At the age of 16, JRR met Edith Mary BRATT, when he and his brother moved into the boarding house where she lived. She was also an orphan, and a Protestant, which did not please Fr. MORGAN who forbid JRR from having contact with her until he was 21. He obeyed this prohibition, with one early exception, over which Fr. MORGAN threatened to cut short his university career. The day he turned 21, JRR wrote to Edith, asking her to marry him. Edith replied that she had already agreed to marry another man, thinking he had forgotten her. They met up, after which Edith returned her engagement ring and accepted JRR's proposal. She reluctantly converted to Catholicism, after which her Protestant landlord evicted her. They couple were married at St. Mary Immaculate Roman Catholic Church, Warwick, on 22 March 1916. Mary was born on 21 January 1889 in Gloucester, Gloucestershire, and died on 29 November 1971 in Poole, Dorset. She served as the inspiration for his fictional character Lúthien Tinúviel, an Elven princess and the most beautiful of all the Children of Ilúvatar. The couple are buried side by side in Wolvercote Cemetery, Oxford; below the names on their grave are the names Beren and Lúthien: in Tolkien's legendarium, Lúthien and the Man Beren were lovers separated for a time by Lúthien's father King Thingol.
|Edith and JRR|
1) John Francis Reuel (16 November 1917 - 22 January 2003). Became a Catholic priest in 1946.
2) Michael Hilary Reuel (22 October 1920 - 27 February 1984)
3) Christopher John Reuel (born 21 November 1924). He married Faith FAULCONBRIDGE in 1951. Their son Simon Mario Reuel was born in 1959. They separated in 1963 and divorced in 1967. He next married Baillie KLASS (born 1941, Winnipeg, Canada) in 1967. They have two children: Adam Reuel (born 1969) and Rachel Clare Reuel (born 1971)
4) Priscilla Mary Anne Reuel (born 18 June 1929)
|JRR in World War I|
In 1921, while teaching at Leeds University, the University of Cape Town offered him a position. However, Edith was still recovering from the birth of their son Michael in 1920, and JRR turned the offer down. In 1922 he became a Professor of English at Oxford. He became a Professor of Anglo-Saxon at Pembroke College, Oxford, from 1925 to 1945, and then Professor of English Language and Literature at Merton College, Oxford from 1945 to 1959.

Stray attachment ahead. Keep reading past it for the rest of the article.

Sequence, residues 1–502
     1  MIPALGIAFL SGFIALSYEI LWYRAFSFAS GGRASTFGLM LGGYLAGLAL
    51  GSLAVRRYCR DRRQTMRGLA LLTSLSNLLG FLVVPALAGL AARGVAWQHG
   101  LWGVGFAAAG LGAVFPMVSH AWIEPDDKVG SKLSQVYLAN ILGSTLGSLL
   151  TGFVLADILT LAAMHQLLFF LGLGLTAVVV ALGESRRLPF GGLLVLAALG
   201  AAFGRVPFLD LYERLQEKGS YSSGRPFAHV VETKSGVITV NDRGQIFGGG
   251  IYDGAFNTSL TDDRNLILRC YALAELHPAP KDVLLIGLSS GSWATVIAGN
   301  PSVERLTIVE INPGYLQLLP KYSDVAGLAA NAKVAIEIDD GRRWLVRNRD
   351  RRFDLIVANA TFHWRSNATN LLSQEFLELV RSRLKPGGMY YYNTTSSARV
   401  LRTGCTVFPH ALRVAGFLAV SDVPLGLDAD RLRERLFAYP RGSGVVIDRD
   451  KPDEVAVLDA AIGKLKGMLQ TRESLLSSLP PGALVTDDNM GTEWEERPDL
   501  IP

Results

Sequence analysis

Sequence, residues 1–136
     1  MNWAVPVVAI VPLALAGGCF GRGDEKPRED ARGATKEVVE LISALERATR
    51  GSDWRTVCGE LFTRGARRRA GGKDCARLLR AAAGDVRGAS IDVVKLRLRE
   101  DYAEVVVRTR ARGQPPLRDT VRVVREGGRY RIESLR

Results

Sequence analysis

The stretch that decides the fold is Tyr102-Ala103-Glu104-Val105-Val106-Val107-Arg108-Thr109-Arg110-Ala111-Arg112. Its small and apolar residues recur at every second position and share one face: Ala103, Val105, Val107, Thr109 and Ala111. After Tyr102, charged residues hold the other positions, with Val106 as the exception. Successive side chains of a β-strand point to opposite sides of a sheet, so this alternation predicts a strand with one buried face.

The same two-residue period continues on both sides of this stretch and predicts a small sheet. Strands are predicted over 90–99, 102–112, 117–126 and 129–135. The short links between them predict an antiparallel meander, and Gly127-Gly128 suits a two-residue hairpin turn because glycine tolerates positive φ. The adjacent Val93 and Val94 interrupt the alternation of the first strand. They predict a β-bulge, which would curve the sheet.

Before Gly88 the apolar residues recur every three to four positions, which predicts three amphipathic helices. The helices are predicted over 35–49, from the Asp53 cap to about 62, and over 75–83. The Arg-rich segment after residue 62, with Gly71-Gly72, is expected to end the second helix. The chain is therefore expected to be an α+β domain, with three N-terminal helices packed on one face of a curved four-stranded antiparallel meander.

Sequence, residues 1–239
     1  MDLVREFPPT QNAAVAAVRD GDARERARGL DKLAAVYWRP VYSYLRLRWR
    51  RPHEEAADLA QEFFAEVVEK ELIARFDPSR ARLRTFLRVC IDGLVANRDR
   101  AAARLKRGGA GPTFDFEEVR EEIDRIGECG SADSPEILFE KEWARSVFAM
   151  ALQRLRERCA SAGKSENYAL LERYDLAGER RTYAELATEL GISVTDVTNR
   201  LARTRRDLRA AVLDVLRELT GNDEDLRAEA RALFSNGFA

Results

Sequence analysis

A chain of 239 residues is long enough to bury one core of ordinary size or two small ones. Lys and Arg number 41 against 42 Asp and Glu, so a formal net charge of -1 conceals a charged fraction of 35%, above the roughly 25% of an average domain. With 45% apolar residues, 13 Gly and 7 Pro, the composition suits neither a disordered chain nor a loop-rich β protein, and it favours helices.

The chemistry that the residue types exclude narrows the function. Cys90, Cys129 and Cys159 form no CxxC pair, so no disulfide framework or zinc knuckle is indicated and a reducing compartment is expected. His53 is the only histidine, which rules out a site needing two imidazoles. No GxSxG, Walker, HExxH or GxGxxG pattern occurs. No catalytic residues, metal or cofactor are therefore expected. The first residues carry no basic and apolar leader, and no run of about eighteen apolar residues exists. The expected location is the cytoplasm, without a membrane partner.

He started writing The Hobbit in the early 1930s. It was published on 21 September 1937. Shortly before the outbreak of World War II, he started writing The Lord of the Rings, taking 12 years to complete. It was published in three volumes over the course of a year from 29 July 1954 to 20 October 1955. The three volumes were titled The Fellowship of the Ring, The Two Towers, and The Return of the King. Sir Stanley UNWIN, his publisher, said of The Lord of the Rings: ''a book for all times which we will be selling long after my departure from this world... a great work''. The Lord of the Rings was released as a film in 2000. After he retired, JRR started work on completing The Silmarillion, which was inspired by his relationship with Edith. It was only completed after his death by his son, Christopher, and published in 1977. JRR died on 02 September 1973 at Bournmouth, England. He was buried at Wolvercote Cemetery, Oxford.
|JRR at the Botanical Garden, Oxford. This is probably the last photograph of him, and was taken by his grandson Michael George in 1973.|
It is often claimed that the Amatola Mountains in Hogsback, Eastern Cape, served as inspiration for JRR's stories, and that his family visited the area when he was a baby. No factual evidence has been found for this claim. It is said that while serving in the Royal Air Force, JRR's son Christopher was stationed in nearby Queenstown and visited Hogsback several times. He sent his father sketches and descriptions of the mountains and forests, which might be the root of this claim. Christopher drew the original maps for his father's The Lord of the Rings, which he signed C.J.R.T.
I have not found reference to him being in Queenstown. Christopher enlisted in the Royal Air Force in late 1943 and was sent to South Africa for flight training at 7 Air School in Kroonstad, and 25 Air School in Standerton. He was commissioned into the general duties branch of the Royal Air Force Volunteer Reserve on 27 January 1945 as a pilot officer on probation. He transferred to the Royal Navy Volunteer Reserve on 28 June 1945, and promoted to Flying Officer on 27 July 1945.